Viewed alongside its predecessors, the picture of war created by The Red and the White is devastating. It fills in the detail that The Round-up and My Way Home only briefly sketched out. Everything, from the ground up, is bigger and bolder, as if Jancsó placed all the elements of his unique filmmaking style under a microscope and replicated the intensification. There's no heroics, no glamour, and no glory in the war presented here, only the harsh sting of truth, and the bitter taste left behind by the realisation that the fight engaged in is often a futile one. As a result, it's not the easiest of films to watch, and is perhaps the most divisive of his films, but then, those were undoubtedly Jancsó's intentions.

sound and vision

My Way Home is presented at close to 1.78:1 (technically it fills the 16:9 screen, but there is a small black bar to the right of the picture) and is anamorphically enhanced. The restored print is in impressive shape, boasting strong black levels, a pleasing grey scale, and impressive detail for a DVD picture (how Blu-ray has spoilt us in this respect). A few dusts spots are still present, but they are rare enough not to notice them unless you are specifically looking. The mono 2.0 soundtrack displays the expected range restrictions and treble clipping on dialogue, but is otherwise solid, with no distracting damage or background hiss.

The Round-Up is in its original 2.35:1 anamorphic ratio and is anamorphically enhanced. The tonal range here is certainly on a par with May Way Home, retaining solid blacks without sacrificing grey scale detail, though there are some minor highlight burn-outs on sunlit exteriors. The transfer suffers slightly from shimmering on some of the edges, suggesting that the print has undergone either some form of digital enhancement or has been sourced from high-band tape. The picture has been cleaned up and the detail in night scenes has been retained without washing the black levels out, which always impresses. The mono 2.0 sound does slightly better by the dialogue than the one on My Way Home, but has a few minor pops of damage and a very background audible hum that runs throughout.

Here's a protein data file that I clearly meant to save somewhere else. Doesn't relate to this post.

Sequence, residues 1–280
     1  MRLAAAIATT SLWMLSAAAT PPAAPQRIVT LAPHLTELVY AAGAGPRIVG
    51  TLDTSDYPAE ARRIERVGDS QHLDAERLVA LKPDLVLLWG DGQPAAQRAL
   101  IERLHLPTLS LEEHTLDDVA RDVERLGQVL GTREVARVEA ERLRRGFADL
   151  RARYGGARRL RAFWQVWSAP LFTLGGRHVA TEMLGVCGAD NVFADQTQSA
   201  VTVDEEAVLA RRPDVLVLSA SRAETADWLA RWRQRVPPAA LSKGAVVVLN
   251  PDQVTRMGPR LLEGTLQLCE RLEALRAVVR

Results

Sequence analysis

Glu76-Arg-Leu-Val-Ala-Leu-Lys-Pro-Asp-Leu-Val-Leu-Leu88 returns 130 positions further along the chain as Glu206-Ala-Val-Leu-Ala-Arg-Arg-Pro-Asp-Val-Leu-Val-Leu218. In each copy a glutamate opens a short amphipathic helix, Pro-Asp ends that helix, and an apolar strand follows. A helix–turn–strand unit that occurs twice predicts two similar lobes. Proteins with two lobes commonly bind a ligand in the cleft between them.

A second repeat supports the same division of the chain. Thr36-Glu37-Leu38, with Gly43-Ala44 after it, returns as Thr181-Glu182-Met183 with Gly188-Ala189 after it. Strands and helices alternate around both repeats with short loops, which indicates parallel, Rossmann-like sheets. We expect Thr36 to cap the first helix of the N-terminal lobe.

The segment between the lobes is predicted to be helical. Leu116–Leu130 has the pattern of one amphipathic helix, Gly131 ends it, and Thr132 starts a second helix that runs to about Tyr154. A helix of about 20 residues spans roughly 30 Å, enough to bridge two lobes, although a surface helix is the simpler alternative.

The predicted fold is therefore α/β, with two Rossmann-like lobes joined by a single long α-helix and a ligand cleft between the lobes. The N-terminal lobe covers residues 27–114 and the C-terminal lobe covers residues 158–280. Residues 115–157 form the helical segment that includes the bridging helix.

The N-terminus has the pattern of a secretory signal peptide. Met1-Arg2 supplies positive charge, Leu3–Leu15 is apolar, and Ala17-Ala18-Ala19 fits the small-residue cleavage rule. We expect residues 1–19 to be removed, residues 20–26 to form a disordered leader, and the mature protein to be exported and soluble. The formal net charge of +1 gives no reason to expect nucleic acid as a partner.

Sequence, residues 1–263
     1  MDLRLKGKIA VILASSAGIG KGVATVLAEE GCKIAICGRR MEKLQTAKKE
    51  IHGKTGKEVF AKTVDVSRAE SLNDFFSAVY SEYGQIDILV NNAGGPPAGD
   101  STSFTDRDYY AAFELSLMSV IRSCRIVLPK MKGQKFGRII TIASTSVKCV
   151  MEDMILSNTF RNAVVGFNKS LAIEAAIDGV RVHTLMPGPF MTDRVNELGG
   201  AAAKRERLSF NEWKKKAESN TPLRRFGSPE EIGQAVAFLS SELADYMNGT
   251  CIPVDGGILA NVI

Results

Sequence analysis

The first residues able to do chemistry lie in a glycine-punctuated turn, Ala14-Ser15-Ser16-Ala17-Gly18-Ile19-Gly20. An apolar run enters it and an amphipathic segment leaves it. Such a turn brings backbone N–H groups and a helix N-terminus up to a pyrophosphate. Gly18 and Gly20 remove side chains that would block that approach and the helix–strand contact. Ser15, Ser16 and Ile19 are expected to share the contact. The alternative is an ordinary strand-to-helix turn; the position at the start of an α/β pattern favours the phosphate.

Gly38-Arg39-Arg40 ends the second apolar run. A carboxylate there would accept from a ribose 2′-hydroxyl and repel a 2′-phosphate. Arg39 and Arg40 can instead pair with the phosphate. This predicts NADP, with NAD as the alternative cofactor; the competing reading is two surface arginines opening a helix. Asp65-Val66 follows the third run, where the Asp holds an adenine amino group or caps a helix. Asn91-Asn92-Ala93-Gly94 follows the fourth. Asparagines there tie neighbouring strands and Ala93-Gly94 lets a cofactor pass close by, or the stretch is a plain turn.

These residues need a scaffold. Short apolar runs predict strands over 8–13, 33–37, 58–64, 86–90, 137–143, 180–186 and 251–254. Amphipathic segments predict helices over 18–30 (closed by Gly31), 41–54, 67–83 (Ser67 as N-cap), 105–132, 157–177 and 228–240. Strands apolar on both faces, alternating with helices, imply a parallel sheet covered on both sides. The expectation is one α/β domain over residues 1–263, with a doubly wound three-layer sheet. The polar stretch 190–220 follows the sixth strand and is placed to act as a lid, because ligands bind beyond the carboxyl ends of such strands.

The Red and the White is the most recent of the films here was the first to be released on DVD (it was first released back in 2006) and has the weakest transfer. 2.35:1 and anamorphically enhanced, the tonal range is rather good, but the image itself is softer than its predecessors, and even the norm for a DVD picture. Some dust and scratches are visible but not really intrusive, and for the most part the picture is stable and consistent in its brightness and contrast. There is some blurring of motion on some shots, and very occasionally what looks like scan lines are visible, suggesting a high-band tape source. This is one of those times, however, when the greatness and the relative rarity of the film should prompt you to ignore such imperfections. There is some variance to the clarity of the Dolby mono 2.0 soundtrack, being sometimes crisp and distinct (the gunfire of the aerial attack 47 minutes in is particularly good), while at others slightly muffled, suggesting a restoration assembled from more than one original.

extra features


Message of Stones: Máramaros (50:40)
The second award-winning film in Jancsó's renowned, but rarely seen 1994 documentary series, A kövek üzenete /Message of Stones (other films from the series can be found as part of the supplemental material for Még kér a nép/Red Psalm, and The Red and the White, and, in the latter case, is discussed below), focuses this time on the inhabitants of the Máramaros County region, whose territories are now split between north-western Russia and the Ukraine.

This is a beautifully composed glimpse into ordinary lives and the kind of communities we're a part of, whether that's a family around a dinner table, a group of friends together or a synagogue congregation at prayer. There's great warmth and affection on display, as well as real sense of pride for their heritage, whether Jewish or Hungarian, and yet, there's something incredibly haunting, almost sorrowful about the wise faces Jancsó and his team encounter; all trying to cling on to the traditions they hold so dear.